Oh, she’s sincere all right. Like you, I intuit that she’s onto something, but I’m not getting my head wrapped around it very easily. I realize that I carry a lot of baggage in regard to information theorists (if that’s even the right word … as I’ve noted repeatedly elsewhere, “theory” drives me batty); that is, those IT/AI folks who reduce everything to “information” so as to deprive the notion of any real meaning. This is not what Currivan is doing at all. It is clear she wants to re-form our understanding of the notion, but I’ve not grapsed fully how she thinks she’s going to do it.

Sounding like does not make it so, but too many scientistic types are too blind to see that what they are practicing is in fact religion, and probably a more deadly variety than we’ve been cursed with for the past few thousand years. Consciousness is gaining ground, and we can thank a growing number of folks for that. (As an aside, I was pleasantly surprised that friends of mine from CA endorsed her book … small world somehow.) So, she does have the double duty of trying to show that (real) science is needed, but that it’s needed in a very different direction. Unlike many, I never saw physics as the “queen”. I’ve never subscribed to a primus inter pares approach to science at all. I’m wading through Kelley, et al.‘s Irreducible Mind and their (overdue sympathetic) review of Meyers’ tertium quid method reflects much more my own view of what “science” is supposed to be about. Unforutnately, we’ve not only almost completely succumbed to scientistic narrow-mindedness, only recently have researchers been coming out of the woodwork (like Welch, like Brown, like Kastrup) who still remember (or have rediscovered) what science is supposed to be.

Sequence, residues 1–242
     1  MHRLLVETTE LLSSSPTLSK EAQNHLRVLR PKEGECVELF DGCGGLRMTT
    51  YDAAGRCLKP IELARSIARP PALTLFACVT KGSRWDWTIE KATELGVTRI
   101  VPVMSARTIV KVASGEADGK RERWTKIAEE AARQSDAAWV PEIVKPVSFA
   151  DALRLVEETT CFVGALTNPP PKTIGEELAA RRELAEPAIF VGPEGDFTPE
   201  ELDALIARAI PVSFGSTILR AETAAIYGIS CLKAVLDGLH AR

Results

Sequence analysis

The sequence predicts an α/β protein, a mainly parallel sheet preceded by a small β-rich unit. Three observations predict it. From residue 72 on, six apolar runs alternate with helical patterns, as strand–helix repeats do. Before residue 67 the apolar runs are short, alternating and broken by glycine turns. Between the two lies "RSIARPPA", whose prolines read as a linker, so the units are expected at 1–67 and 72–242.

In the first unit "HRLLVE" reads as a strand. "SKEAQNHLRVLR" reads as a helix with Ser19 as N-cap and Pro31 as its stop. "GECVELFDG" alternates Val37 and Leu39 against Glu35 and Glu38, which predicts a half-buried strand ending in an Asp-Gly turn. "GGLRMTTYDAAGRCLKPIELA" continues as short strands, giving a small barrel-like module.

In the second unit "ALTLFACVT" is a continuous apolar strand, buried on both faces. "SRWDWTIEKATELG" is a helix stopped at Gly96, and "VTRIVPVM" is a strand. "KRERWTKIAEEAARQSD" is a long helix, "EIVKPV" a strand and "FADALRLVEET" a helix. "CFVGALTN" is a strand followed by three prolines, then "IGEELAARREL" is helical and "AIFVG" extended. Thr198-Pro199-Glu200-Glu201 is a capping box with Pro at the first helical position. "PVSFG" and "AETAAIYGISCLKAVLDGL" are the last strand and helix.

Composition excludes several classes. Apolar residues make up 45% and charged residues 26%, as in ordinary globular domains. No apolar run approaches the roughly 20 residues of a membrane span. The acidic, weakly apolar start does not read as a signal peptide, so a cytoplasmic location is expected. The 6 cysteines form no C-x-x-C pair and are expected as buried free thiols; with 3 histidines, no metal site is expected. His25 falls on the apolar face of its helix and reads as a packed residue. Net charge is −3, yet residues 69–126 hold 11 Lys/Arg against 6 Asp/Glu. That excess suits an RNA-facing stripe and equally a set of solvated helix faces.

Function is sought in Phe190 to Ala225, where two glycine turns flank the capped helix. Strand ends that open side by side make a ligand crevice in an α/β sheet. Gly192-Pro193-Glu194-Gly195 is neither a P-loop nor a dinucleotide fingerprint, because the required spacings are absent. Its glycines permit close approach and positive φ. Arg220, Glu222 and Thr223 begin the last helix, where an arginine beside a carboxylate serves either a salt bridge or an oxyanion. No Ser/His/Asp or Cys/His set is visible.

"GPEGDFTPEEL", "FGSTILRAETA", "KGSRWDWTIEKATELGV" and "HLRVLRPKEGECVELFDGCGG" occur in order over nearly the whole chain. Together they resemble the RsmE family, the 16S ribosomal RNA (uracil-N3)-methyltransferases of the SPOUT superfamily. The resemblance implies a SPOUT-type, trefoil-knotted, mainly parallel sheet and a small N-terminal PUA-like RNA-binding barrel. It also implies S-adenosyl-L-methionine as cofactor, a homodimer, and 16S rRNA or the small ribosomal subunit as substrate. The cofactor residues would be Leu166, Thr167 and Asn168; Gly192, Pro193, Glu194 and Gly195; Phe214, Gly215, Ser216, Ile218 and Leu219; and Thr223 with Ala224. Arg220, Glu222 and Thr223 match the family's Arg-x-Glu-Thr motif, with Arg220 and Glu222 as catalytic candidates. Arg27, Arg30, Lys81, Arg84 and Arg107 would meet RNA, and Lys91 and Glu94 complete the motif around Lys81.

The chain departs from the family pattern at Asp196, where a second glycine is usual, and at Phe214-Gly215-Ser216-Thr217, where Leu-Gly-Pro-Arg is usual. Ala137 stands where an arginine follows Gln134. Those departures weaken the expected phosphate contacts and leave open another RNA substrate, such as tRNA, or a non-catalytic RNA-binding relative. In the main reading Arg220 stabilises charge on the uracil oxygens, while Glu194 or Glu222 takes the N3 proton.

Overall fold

I haven’t been able to come to a clear conclusion about Smolin yet … some days I’m more inclined than others … Karan Barad is an unknown. In 25 words or less … ?

My noggin has taken quite a beating for quite a while, but I don’t think I’m punch-drunk yet (but that’s only my view!). I had once hoped that I would use my “old age” to refine some of my thinking, not restructure it. Oh, the foolhardiness of the young.


Wow! I think that book is a gold mine! I have only read small sections of it and find it first rate. It is sort of like an encyclopedia so it is hard to reduce to an easily managed time schedule. I dip into it when I have the energy and take away enormous amounts of data. I am drawn to Myers a lot.

If we get into study group mode it might be fun to to a chapter from that book. The chapter on Genius would be inspirational. With so much depressing crap going on in the world, it is important to re-direct attention to people who have tapped into the farthest reaches of human developmental. Just reading about them creates momentum.